While Tel Aviv is a great place to bicycle, Tel Avivian's love their cars and mopeds (called Tus-Tus.) Cars are somewhat of a new phenomena for most people in Israel. Until the 1990's car prices were too high for most Israelis due to 100% import duty. When taxes were reduced to 50% and then 30%, cars became affordable. Tus-tusim (plural for mopeds) are a perfect vehicle for city commuting and are preferred to bicycles, it's a bike except there is that engine. Moped riders ride just like bicyclists, pass between cars in intersections and ride and park on side walks. So what makes these Dutch and Chinese pedal instead of moped? It's hard to say. Tel Avivians are probably just as practical as Chinese. Tel Aviv is just as flat as Amsterdam and probably has as much free parking. For the most part biking on the streets is safe. When streets are too crowded there are sidewalks, which most walkers do not mind sharing with bikes. The only real problem with bicycles in Tel Aviv is theft. Which leads one to believe that someone out there wants the bikes. Which means that they should want to bicycle around town. Actually, the theft seem to come from the teenage market (and teenagers themselves.) Teenagers seem to want expensive bikes and do not mind a slightly used one, so they buy or steal them. Police does not seem care and bicycle registration programs are not promoted enough or encouraged. A good lock and some common sense where to lock your bike is usually enough to prevent theft.Read More...
Thursday, October 8, 2009
Looking for a hotel in Tel Aviv is easy, a google search of "hotels tel aviv" returns 3,580,000 results and 11 advertisements. All this action is driven by Google's search and advertising system. People search for hotels and therefore bloggers and web site developers write about hotels. In comparison "restaurants tel aviv" gives only 1,880,000 results and 3 advertisers, most pages are written by locals for locals, "rock climbing tel aviv" gives 18,200 results and "judo tel aviv" give 55,900 results. But google and most of the hotel sites usually don't tell you much about where you are and where to find that fun and interesting "stuff". Stuff you can do, places to see, experience like the native Tel Avivians. To hard core bikers and surfers, niche sport sites can be a better place to get information on hotels near where you are going to be doing your activities. Other information such as experience with a rental business or where to find a diving partner may direct you to the part of town where to stay. I spoke with a SCUBA instructor and he explained how the one rental shop on the water may not be the best choice for experienced divers. Although most divers come to Israel for Eilat on the Red Sea, there is still good diving around Tel Aviv, so ask a local diver. There are also groups that will give you information and even let you tag along when they dive together. There are other places to dive just north and south of the city, in 45 minutes you can be in Caesarea and dive among Roman columns from a 2000 year old pier.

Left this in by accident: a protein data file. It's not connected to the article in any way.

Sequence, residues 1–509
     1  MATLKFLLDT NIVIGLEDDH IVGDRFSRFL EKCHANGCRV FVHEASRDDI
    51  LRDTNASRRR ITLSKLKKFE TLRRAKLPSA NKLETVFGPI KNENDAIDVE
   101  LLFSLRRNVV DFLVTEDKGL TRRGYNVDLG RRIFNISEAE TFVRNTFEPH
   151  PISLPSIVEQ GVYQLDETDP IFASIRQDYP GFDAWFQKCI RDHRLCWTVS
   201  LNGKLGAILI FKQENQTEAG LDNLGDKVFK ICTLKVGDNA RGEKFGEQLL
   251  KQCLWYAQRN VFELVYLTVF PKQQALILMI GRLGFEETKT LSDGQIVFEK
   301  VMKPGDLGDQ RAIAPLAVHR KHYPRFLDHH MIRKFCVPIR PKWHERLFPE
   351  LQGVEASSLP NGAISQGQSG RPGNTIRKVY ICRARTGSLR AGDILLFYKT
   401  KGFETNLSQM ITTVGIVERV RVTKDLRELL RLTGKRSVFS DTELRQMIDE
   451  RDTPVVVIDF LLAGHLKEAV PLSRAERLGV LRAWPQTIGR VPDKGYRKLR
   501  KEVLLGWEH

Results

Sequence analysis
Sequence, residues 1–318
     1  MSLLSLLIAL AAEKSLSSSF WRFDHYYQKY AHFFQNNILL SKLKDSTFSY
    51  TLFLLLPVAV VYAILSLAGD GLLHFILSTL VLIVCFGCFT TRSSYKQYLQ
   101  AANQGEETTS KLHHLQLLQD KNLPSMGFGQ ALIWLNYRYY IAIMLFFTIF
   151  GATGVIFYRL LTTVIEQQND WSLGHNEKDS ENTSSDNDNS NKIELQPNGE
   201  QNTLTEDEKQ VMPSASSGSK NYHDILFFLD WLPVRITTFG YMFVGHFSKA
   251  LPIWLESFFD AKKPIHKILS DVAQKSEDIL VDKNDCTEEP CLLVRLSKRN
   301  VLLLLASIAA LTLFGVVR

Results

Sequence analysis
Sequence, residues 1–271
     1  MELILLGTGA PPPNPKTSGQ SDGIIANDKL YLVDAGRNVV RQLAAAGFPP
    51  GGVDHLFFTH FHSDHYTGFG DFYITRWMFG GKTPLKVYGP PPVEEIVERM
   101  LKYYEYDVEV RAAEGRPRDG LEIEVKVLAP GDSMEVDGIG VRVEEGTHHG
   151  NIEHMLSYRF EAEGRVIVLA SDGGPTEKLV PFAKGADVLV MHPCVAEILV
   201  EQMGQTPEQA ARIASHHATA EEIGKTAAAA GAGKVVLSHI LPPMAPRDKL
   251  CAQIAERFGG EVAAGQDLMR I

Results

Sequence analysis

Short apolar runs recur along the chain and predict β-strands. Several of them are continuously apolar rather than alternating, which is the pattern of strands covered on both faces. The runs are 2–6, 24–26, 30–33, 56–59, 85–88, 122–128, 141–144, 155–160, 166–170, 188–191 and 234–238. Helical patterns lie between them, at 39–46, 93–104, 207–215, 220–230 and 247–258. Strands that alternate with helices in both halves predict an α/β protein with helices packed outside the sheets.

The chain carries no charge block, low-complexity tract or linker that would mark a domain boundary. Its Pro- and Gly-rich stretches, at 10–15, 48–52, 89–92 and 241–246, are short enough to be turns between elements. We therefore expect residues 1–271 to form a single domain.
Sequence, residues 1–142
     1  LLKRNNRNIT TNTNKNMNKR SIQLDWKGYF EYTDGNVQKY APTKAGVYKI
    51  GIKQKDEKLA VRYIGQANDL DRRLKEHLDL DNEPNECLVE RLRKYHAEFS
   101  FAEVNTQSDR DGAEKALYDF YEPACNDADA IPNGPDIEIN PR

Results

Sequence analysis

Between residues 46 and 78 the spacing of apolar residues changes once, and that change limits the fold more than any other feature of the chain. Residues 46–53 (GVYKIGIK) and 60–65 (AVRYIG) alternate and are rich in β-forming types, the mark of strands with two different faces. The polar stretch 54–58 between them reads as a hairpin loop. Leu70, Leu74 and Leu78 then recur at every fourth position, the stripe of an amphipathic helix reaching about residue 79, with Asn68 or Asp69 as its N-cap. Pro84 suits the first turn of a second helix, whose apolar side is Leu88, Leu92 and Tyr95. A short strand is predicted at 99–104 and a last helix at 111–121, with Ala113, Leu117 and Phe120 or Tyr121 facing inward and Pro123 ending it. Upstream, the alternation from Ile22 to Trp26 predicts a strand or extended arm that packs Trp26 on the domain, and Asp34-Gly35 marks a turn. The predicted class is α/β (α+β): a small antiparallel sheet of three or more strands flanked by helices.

If you are looking for a hotel in Tel Aviv, you may want to find other things first. On a business trip and want to Kayak? Make sure you can get to the Tel Aviv marina just off Gordon street. You can also ask someone in a nearby hotel for a boat reservation. If you stay far away from the beach it may take more time and trouble than it's worth during morning traffic. The same goes with Judo and rock climbing. There is a rock climbing wall in the Ha'yarkon park, if you are staying in the very north section of the beach area it's a walk away. Would you like to start your day biking or running in the park? Ha'yarkon park runs along the whole city from the Mediterranean eastward through Ramat Gan and Bnei Brak. It has long paths, is well maintained and even serious runners on most mornings would appreciate the scenery.Read More...
Monday, October 5, 2009
Unless you have been living under a rock in Tel Aviv you definitely hear, see and FEEL the quiet nervous tension here. This quiet two minutes and forty second plea for freedom was streamed on TV and computer screens like a thunder bolt in mid-summer. The first few seconds after he finished was the most silent Tel Aviv has been in a long time. Than came the whispers and interpretations. What can you say to a prisoner held for four years? What can you tell the family? What should the government do? Tzipi Livni more than two years ago blurted out in anger something like "we are not going to bow down to the Palestinians on the count of one..." Immediately Olmert, Ashkenazi, Barak and everyone you can think of wanted to hit Livni on the head with a baseball bat (OK we don't have baseball here, we can find a bat somewhere.) But there was something to that blurb that is finally sinking in for Israelis and Palestinians: nobody wants to back down and look like a loser. The Israelis are not willing to let murderers out just to be treated like heroes in Gaza. The Palestinians are not willing to settle for not getting everyone out of prison, specially their big heroes. Shalit sits in a hole just beyond our reach. To most at first impression he "looked good". But the way he looked did not calm the nervousness. Just seeing this face reading quietly a simple speech [video/transcript] made everyone's hair stand in the back of his neck.